Pope Francis on Saturday ordered the removal of the bishop of Tyler, Texas, a conservative prelate active on social media who has been a fierce critic of the pontiff and who now symbolizes polarization within the American Catholic hierarchy.
A one-line statement from the Vatican said Francis “relieved” Bishop Joseph Strickland of pastoral governance of Tyler and appointed the bishop of Austin as temporary administrator.
Strickland, 65, has become one of Francis’ leading critics, accusing him in a tweet earlier this year of “undermining the deposit of faith.” He was particularly critical of Francis’ recent meeting on the future of the Catholic Churchincluding ways to improve .
Earlier this year, the Vatican sent investigators to investigate his governance of the diocese, amid reports that priests and laity in Tyler had complained and that he was making unorthodox statements.
The Vatican never released the findings and Strickland had insisted he would not resign voluntarily, saying in media interviews that he was given a mandate as bishop in 2012 by the late Pope Benedict XVI and that he could not abdicate this responsibility.
The conservative website LifeSiteNews, which said it interviewed Strickland on Saturday, quoted him as saying that one of the reasons given for his ouster was his refusal to implement Francis’ 2021 restrictions on the celebration of the ancient Latin Mass. .
Francis’ crackdown on the ancient liturgy has become a rallying cry for traditionalist Catholics opposed to the. Strickland told LifeSite he refused to enforce the restrictions “because I can’t starve part of my herd.”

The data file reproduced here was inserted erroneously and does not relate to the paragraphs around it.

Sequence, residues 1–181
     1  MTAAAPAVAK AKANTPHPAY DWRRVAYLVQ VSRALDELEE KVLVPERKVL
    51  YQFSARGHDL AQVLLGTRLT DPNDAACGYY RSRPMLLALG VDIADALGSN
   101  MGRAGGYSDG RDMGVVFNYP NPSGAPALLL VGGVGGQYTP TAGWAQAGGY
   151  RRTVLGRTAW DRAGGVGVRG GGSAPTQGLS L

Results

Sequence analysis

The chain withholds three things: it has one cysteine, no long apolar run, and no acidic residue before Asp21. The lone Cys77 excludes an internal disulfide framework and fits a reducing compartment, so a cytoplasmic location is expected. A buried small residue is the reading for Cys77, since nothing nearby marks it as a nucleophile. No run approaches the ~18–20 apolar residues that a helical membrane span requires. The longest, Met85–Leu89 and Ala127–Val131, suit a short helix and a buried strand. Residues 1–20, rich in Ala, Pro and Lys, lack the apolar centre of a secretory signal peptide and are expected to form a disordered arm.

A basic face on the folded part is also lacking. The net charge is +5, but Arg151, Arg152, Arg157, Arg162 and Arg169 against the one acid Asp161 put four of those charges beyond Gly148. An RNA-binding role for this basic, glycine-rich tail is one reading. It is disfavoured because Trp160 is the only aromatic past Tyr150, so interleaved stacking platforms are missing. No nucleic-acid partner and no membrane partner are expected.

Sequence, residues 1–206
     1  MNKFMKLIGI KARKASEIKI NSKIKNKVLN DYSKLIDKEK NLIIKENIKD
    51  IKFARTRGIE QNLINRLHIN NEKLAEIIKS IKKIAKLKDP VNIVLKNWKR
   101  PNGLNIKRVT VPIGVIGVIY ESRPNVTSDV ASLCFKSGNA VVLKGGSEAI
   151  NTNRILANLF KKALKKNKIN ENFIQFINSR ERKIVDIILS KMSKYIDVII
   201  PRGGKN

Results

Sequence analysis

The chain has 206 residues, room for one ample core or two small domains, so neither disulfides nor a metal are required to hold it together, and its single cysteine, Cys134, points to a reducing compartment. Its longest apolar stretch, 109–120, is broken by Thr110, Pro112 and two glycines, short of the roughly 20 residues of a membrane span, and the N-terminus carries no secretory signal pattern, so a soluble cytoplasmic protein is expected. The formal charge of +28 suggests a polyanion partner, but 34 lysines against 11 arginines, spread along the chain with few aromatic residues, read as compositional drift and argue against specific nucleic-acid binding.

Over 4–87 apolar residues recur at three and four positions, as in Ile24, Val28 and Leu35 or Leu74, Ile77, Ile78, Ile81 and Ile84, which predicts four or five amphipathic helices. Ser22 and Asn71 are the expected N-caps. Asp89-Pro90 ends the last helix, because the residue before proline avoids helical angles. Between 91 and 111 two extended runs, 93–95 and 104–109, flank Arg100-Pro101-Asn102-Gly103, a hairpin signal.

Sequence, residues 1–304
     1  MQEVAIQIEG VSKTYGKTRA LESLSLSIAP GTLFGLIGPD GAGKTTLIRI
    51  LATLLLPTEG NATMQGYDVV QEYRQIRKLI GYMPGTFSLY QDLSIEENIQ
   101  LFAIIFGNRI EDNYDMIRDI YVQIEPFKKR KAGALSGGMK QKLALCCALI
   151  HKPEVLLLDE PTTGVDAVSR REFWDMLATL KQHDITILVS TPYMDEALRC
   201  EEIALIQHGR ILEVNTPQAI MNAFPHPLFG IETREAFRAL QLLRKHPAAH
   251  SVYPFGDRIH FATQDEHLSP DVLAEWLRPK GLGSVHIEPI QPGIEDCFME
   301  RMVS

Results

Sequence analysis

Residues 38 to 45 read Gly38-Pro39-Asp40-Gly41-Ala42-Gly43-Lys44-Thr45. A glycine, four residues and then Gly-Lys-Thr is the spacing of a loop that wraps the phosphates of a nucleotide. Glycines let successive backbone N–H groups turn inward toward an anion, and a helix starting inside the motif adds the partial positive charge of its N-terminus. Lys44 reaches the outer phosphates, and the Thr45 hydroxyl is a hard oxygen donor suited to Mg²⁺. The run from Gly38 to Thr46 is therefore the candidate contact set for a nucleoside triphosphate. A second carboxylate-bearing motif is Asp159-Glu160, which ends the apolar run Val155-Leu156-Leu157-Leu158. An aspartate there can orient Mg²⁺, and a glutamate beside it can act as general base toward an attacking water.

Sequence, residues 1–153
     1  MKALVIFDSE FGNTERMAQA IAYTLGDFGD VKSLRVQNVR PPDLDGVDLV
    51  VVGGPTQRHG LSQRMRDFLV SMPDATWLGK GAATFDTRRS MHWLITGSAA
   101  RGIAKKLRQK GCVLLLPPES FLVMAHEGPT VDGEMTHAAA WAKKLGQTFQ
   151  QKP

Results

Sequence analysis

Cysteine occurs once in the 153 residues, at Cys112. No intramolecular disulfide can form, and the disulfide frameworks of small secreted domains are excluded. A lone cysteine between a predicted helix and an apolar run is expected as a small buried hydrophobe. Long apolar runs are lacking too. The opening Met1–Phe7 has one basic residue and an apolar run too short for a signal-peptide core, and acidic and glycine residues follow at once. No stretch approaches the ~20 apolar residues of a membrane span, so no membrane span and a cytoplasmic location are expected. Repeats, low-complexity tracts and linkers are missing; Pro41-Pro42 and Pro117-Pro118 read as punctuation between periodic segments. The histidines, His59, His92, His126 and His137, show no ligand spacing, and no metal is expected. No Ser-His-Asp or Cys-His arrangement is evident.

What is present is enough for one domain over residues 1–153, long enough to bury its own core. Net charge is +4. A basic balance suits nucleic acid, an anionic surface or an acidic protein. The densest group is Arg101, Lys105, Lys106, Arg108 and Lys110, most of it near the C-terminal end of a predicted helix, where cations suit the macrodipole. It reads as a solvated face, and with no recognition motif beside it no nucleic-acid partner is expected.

He said he stands by his decision, will do it again and “I feel very at peace in the Lord and in the truth that he died for.”
His dismissal sparked an immediate outcry among some conservatives and traditionalists who had touted Strickland as a leading Catholic figure to counter Francis’ progressive reforms. Michael J. Matt, editor of the traditionalist newspaper The Remnant, wrote that with this dismissal, Francis was “actively trying to bury loyalty to the Church of Jesus Christ.”
“It’s all out war,” Matt wrote on social media. “Francis represents a clear and present danger, not only to Catholics around the world, but also to the entire world itself.”
The two Vatican investigators sent to investigate Strickland — Bishop Dennis Sullivan of Camden, New Jersey, and the retired bishop of Tucson, Arizona, Bishop Emeritus Gerald Kicanas — “conducted an exhaustive investigation into all aspects of governance and direction of the diocese.” said Texas Church leader Cardinal Daniel DiNardo.
After their investigation, a recommendation was made to Francis that “retaining Bishop Strickland in power was not feasible,” DiNardo said in a statement Saturday.
The Vatican asked Strickland to resign on Thursday, but he refused, prompting Francis to remove him from office two days later, according to DiNardo’s statement.
It is rare for the pope to remove a bishop from office. Bishops are required to offer to resign when they reach 75 years of age. When the Vatican discovers governance or other problems that force a bishop to leave office before then, the Vatican usually seeks to pressure him into offering to resign for the good of his diocese and the church.